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JR Boucicaut

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JR Boucicaut last won the day on August 30

JR Boucicaut had the most liked content!

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About JR Boucicaut

  • Birthday 08/10/1977


  • Skates
  • Stick
  • Gloves
  • Helmet
  • Pants
    Bauer Supreme TotalONE NXG Girdle
  • Shoulder Pads
  • Elbow Pads
    Jofa 5044 w/ EvoShield slashguards
  • Shin Pads
    JOFA 3175
  • Hockey Bag
    Junkyard Athletic ModSquadHockey bag

Profile Information

  • Gender
  • Location
    Casselberry, FL
  • Interests
    MSH Admin, Hockey equipment tech
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  1. Since you don't have the credentials to post in our Gear Exchange, I moved it to the buy area as a courtesy to you. If someone can help you, they will.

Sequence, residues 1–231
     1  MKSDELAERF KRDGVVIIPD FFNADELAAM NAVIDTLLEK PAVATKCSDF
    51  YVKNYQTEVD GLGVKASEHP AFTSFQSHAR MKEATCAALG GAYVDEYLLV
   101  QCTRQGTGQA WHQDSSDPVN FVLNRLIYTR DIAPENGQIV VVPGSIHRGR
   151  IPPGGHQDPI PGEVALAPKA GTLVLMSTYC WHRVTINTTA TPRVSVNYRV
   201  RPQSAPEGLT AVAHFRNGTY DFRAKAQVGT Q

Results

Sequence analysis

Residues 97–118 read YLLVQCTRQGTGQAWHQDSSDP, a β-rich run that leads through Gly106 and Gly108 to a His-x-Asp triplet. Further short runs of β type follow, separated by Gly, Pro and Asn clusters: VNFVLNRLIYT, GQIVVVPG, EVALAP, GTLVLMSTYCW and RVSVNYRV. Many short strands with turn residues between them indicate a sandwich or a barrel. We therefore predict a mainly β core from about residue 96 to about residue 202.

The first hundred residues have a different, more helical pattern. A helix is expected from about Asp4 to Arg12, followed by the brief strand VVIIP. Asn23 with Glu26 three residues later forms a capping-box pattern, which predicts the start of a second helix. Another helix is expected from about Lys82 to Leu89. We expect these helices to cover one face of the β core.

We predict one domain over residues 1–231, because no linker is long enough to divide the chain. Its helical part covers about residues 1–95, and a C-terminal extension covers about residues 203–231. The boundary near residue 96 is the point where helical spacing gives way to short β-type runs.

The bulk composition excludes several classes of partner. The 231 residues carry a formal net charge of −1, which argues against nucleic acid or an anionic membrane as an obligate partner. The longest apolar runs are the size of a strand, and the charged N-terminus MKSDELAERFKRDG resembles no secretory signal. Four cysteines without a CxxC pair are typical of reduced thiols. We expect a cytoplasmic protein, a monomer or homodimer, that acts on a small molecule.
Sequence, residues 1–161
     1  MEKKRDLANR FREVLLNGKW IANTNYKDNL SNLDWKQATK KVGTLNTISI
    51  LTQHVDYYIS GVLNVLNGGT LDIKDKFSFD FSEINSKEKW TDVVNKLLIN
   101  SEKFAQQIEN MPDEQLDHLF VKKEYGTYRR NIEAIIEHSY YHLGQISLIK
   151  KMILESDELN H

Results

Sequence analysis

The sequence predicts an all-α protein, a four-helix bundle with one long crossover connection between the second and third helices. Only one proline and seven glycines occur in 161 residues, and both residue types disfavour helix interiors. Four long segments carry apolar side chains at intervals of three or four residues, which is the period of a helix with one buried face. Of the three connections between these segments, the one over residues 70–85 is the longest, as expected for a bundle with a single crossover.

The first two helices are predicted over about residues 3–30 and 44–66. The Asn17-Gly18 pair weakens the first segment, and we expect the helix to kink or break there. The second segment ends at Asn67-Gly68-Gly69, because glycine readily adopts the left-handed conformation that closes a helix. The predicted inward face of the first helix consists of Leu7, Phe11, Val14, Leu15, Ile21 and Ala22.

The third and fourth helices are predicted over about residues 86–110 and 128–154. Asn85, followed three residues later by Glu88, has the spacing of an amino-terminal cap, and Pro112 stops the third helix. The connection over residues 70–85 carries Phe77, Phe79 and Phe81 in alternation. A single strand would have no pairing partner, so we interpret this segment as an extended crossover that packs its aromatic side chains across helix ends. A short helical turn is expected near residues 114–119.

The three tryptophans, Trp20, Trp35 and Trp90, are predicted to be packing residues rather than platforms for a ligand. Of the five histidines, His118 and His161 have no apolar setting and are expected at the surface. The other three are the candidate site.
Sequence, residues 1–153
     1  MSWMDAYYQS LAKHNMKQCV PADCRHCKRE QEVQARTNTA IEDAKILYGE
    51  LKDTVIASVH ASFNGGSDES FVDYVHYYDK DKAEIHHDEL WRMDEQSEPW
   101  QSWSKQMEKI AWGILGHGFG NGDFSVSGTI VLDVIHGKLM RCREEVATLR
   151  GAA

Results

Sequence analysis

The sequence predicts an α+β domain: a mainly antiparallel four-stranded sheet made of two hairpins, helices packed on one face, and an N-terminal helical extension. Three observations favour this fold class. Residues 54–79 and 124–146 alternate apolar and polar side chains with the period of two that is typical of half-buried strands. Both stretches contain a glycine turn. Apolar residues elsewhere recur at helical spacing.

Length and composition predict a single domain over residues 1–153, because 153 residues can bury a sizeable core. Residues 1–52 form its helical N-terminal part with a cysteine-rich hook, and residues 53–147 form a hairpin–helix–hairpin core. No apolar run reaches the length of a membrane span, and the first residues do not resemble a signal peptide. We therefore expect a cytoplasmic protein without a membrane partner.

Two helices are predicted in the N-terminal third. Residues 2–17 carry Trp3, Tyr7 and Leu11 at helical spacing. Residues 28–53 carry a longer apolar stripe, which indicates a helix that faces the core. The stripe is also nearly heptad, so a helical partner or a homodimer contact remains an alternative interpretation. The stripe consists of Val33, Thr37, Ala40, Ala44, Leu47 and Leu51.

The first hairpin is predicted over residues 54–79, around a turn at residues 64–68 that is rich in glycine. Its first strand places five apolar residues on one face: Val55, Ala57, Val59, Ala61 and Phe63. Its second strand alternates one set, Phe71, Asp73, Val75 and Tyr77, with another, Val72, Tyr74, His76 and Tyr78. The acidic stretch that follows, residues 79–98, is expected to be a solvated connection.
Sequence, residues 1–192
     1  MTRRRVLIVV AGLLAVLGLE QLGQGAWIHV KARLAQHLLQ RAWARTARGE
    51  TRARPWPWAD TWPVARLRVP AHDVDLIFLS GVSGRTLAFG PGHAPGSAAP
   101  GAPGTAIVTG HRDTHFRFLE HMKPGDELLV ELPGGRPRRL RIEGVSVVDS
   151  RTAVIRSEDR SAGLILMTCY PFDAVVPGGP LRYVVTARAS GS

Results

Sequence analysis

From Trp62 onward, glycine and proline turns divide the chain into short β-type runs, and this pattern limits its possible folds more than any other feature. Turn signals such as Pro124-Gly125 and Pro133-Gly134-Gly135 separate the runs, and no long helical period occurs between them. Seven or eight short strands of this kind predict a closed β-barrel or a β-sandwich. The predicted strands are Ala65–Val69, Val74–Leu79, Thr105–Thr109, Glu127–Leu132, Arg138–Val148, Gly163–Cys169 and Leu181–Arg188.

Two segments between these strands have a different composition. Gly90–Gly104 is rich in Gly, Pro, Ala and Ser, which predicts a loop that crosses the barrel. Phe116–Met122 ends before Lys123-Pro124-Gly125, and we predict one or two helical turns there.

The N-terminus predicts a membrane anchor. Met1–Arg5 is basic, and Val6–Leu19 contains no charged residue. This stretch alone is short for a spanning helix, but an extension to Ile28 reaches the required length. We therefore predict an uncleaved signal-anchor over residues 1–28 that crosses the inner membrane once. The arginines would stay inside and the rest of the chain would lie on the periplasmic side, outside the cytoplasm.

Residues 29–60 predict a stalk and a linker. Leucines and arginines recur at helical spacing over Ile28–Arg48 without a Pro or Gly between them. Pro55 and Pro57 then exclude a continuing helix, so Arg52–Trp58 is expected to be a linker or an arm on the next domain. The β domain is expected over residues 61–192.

2. Your post wasn't deleted - it was sent to the appropriate section. https://modsquadhockey.com/forums/forum/11-buy/
  3. It amazes me that people actually fell for that.
  4. So when I was in Blainville for training before the MyBauer custom went live, I was told that fitters would be able to submit spec sheets/reorder by ticket number. I talked to someone at my previous employer a year later and he said that the only option they gave store managers was through MyBauer. Mind you 99% of retailers don't know how to build a custom skate that way, so I can definitely see how they don't give that option. Did I build these? I can't remember.
  5. I'm with you on that. I stopped doing that because I truly didn't think that I would be able to fully dial in the fit remotely. A manufacturer last year asked me if I was interested in analyzing scans. I said sure but nothing ever came of it.
  6. Mike Peck (CCM FaST Manager) worked for me before going to CCM. Kenny worked retail as well and can fit skates. I think the average consumer automatically assumes that since they work for the company, they're instantly experts. While I completely agree with the 2nd part of that statement, but with these two, it's not the case.